Since its landing on the surface of Mars in mid-February, NASA’s Perseverance rover has been diligently documenting every detail and sending more than 7,000 images back to Earth. A common activity undertaken by surface missions is to assign nicknames to the various landmarks discovered by the rover; this provides the mission team with a common vocabulary with which to discuss their findings. The team for the Mars 2020 mission is working in conjunction with the Navajo Nation to name the various features and geological landmarks discovered on the Red Planet’s surface with words from the Navajo language.
Before the Perseverance rover launch, the team divided Jezero Crater—the landing site of the rover—into several quads, each about one square mile in size. Every area is named after national parks and other places on Earth with similar geological features. The place where Perseverance first touched down was in a quad named after Arizona’s Canyon de Chelly National Monument—called Tséyi’ in Navajo—which lies in the heart of the Navajo Nation.
Working with a Navajo engineer named Aaron Yazzie on the Perseverance team, the mission was able to acquire the Navajo Nation’s permission to collaborate. Compiling a list of over 50 Navajo words to start with, they will continue to work with the Navajo Nation as the rover explores more of the planet’s surface. The current list includes words like tsé łichíí, meaning red rock; hahóóts’aa’, which means crater; séítah, which translates to amongst the sand; and yéigo, the Navajo word for diligence. The first focus of the mission is a rock discovered by the rover, which they subsequently named Máaz—the Navajo word for Mars.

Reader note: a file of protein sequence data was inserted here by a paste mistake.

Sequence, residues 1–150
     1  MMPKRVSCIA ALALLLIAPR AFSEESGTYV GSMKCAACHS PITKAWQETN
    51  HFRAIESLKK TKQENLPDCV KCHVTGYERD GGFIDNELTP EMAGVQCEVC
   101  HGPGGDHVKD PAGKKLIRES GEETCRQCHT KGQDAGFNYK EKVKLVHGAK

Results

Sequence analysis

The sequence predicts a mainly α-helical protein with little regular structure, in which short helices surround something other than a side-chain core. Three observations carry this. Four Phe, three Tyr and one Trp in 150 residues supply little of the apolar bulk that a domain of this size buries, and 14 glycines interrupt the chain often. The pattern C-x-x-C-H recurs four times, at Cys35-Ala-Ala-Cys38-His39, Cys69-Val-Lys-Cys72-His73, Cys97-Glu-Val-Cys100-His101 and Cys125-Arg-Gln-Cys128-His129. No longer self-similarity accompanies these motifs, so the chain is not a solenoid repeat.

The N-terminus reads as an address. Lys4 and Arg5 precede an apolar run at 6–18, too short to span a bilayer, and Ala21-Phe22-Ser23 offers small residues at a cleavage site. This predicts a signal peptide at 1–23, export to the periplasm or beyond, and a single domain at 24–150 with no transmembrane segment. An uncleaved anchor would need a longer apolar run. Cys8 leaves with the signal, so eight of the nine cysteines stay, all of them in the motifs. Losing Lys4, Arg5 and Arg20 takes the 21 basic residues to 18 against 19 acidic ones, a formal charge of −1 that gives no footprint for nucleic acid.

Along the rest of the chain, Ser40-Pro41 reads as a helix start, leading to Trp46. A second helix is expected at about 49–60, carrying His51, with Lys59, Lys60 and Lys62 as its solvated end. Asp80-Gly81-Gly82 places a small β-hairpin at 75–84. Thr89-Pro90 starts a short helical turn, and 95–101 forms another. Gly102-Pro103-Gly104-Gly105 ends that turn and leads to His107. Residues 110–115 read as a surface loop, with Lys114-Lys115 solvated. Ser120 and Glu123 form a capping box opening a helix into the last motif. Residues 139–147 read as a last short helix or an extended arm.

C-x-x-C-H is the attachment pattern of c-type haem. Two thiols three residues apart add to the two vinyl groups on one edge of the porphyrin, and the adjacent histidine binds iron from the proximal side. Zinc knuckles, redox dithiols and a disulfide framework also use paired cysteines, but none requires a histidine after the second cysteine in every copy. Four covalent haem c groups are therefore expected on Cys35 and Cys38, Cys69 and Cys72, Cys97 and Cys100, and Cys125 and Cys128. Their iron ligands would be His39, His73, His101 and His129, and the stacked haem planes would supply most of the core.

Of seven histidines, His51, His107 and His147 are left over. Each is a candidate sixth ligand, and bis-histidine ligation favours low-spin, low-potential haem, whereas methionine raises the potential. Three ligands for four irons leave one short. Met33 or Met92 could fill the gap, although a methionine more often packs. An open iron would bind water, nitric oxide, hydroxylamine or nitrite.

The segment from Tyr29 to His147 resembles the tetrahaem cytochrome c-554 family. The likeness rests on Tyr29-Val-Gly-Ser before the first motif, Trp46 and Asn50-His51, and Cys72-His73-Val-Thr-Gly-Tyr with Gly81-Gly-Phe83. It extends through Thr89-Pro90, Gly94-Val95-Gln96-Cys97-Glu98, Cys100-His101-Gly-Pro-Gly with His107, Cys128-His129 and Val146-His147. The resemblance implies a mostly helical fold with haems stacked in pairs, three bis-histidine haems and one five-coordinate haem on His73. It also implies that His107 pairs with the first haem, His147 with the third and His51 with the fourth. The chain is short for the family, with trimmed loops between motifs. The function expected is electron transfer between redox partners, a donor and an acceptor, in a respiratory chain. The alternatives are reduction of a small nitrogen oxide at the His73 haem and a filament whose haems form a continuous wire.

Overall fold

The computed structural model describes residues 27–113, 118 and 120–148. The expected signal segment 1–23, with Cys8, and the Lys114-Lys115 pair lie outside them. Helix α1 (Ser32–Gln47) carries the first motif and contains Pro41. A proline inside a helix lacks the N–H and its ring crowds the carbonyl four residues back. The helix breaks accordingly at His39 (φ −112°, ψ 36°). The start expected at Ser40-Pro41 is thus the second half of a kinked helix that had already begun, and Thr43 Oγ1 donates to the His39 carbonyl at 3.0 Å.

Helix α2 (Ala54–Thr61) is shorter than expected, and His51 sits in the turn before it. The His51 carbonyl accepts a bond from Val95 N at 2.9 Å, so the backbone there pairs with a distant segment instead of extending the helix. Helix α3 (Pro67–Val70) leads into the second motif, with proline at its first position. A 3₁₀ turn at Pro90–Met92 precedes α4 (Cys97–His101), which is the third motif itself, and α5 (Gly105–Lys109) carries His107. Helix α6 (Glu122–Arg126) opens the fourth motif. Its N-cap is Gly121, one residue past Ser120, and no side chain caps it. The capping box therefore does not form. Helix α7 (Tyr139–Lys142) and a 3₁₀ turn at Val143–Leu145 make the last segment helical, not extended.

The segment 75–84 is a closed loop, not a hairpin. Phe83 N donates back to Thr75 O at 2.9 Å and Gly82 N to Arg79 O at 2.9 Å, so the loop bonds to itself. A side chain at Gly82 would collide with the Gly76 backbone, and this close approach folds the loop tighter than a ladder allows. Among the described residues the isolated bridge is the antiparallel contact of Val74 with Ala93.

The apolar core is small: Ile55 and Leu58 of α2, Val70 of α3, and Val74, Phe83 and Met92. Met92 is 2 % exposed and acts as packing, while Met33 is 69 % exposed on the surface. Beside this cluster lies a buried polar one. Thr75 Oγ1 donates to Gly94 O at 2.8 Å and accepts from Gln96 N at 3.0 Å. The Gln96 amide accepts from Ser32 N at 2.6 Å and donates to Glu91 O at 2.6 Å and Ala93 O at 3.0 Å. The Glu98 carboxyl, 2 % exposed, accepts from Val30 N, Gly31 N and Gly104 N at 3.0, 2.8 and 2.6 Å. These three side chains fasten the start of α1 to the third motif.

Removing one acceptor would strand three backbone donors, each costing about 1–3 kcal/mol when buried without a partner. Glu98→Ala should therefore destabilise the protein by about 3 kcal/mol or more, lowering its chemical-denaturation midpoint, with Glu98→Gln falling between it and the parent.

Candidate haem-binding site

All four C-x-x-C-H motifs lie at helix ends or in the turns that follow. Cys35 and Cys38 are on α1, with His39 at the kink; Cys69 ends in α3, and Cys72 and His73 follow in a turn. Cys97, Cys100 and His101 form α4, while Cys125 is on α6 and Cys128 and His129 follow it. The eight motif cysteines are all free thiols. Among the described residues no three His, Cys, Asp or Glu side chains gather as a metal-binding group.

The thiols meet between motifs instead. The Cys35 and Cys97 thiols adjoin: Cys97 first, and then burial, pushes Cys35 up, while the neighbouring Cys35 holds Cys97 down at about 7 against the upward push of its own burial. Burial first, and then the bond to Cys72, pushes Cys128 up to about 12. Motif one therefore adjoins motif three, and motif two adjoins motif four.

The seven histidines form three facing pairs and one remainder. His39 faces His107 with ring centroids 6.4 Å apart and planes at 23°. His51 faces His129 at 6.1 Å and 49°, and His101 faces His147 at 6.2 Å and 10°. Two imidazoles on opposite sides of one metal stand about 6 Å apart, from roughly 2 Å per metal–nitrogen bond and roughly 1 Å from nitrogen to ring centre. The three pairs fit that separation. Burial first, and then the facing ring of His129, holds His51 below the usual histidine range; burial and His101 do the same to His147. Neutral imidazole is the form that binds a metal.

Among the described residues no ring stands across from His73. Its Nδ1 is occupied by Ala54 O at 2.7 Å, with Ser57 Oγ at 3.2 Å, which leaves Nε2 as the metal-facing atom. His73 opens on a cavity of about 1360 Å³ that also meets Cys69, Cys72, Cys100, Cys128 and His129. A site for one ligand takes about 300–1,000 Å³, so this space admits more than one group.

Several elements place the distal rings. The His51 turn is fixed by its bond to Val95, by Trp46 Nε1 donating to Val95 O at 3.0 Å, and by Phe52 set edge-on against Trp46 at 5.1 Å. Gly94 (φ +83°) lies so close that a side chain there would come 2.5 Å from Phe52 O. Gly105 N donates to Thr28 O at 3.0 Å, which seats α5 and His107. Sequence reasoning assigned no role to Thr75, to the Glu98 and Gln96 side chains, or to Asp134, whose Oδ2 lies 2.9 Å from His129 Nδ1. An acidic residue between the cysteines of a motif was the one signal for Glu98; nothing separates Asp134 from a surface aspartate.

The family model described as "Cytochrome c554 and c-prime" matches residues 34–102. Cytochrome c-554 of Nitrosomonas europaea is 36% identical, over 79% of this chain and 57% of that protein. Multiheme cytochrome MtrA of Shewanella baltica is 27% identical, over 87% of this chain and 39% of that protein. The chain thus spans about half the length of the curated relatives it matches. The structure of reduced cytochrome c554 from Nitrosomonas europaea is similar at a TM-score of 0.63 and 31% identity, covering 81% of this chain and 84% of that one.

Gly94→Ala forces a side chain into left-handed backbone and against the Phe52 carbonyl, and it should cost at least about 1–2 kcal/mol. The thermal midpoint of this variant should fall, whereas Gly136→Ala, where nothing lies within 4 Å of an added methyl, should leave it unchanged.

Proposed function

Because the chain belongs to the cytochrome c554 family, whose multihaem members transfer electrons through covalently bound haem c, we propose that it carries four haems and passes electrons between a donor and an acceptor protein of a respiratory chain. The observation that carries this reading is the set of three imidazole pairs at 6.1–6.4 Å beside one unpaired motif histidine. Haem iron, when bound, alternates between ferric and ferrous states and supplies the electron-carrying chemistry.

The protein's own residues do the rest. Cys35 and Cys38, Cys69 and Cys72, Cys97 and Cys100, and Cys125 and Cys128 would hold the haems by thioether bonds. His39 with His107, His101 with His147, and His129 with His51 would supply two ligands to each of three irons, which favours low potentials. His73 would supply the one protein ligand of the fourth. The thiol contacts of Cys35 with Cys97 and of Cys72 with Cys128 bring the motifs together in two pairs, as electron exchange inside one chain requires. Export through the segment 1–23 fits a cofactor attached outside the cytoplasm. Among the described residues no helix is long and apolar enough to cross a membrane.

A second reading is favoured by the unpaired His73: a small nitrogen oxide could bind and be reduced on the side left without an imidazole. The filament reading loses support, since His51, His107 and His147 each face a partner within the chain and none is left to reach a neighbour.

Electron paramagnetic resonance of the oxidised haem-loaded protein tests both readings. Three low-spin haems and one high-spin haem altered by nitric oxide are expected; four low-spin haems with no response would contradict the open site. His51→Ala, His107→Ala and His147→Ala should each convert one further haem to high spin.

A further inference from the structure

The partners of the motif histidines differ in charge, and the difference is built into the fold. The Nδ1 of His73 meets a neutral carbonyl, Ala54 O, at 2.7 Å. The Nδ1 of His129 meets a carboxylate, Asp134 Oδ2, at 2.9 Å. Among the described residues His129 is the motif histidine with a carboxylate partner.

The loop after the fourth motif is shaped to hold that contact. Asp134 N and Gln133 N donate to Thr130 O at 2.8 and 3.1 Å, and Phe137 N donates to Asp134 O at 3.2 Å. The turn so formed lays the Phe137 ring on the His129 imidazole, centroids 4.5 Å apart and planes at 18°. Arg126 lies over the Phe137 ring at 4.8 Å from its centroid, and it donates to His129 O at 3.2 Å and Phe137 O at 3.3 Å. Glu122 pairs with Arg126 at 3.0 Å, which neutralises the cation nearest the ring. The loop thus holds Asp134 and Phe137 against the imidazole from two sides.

“The partnership that the Nez-Lizer Administration has built with NASA will help to revitalize our Navajo language,” says Navajo Nation President Jonathan Nez. “We hope that having our language used in the Perseverance mission will inspire more of our young Navajo people to understand the importance and the significance of learning our language. Our words were used to help win World War II, and now we are helping to navigate and learn more about the planet Mars.”